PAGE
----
He said there was, rather, a real need to raise “the more general question of love that is the fulfillment of law and of love doing no harm to the neighbor. (Rom 13:10).” Woudstra concluded: “I think, as those who love the inerrant Word of God, we want to be doubly sure that we read that Word correctly. Jesus says that His yoke is easy and His burden light. Let us make sure that as we put a burden on anyone such as complete celibacy we do so because we are 100% sure that this is Jesus’ burden. Otherwise we should leave this to the individual conscience.”

Those were wise words of sound biblical scholarship and loving pastoral care. They should instruct us these days. With over three decades of tortured testimonies from “ex-gays” and the disillusionment of former “ex-gays” who now want nothing more to do with a Christianity that hyped hypocrisy and peddled a “snake oil” of self-help instead of the salve of salvation and sanctification by grace, it’s high time for serious Christians to extend Golden Rule love to all — as Christ calls us to do in a crystal clear commandment.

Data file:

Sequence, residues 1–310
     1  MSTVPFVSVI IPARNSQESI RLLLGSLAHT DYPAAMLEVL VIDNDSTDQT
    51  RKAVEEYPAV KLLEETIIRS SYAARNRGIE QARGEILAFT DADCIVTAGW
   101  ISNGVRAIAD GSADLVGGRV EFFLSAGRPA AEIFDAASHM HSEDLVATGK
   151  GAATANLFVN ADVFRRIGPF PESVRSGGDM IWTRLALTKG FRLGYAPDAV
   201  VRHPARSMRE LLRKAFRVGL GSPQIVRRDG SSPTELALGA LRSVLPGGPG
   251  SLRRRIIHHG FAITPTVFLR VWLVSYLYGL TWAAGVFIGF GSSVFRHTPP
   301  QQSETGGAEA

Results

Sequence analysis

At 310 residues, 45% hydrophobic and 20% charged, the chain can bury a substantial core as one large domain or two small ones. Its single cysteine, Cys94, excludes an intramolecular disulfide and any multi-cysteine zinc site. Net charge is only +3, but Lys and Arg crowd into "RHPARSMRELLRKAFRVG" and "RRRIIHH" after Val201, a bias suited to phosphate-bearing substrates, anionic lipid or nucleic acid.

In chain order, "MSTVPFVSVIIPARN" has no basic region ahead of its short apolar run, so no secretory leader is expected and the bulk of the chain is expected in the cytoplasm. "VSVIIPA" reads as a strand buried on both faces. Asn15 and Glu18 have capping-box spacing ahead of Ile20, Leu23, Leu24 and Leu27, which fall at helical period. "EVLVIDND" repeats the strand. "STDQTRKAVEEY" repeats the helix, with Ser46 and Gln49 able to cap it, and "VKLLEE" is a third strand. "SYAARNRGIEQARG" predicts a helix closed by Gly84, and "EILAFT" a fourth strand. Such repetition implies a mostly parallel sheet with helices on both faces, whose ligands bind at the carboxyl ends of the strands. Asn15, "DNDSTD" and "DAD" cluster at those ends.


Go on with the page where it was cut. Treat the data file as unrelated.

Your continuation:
It’s well to recall the words of Fuller Seminary theologian Paul King Jewett: “We are left with the feeling that the church has overdone it, no matter how you cut it, and that homosexuals have certainly suffered more wrong than they have committed, and that there must be flaws in whatever theology of nature or hierarchy of sins has made homosexuality be viewed as the nadir of depravity. This feeling increases when one becomes acquainted with responsible, Christian, homosexual people.”

Ralph Blair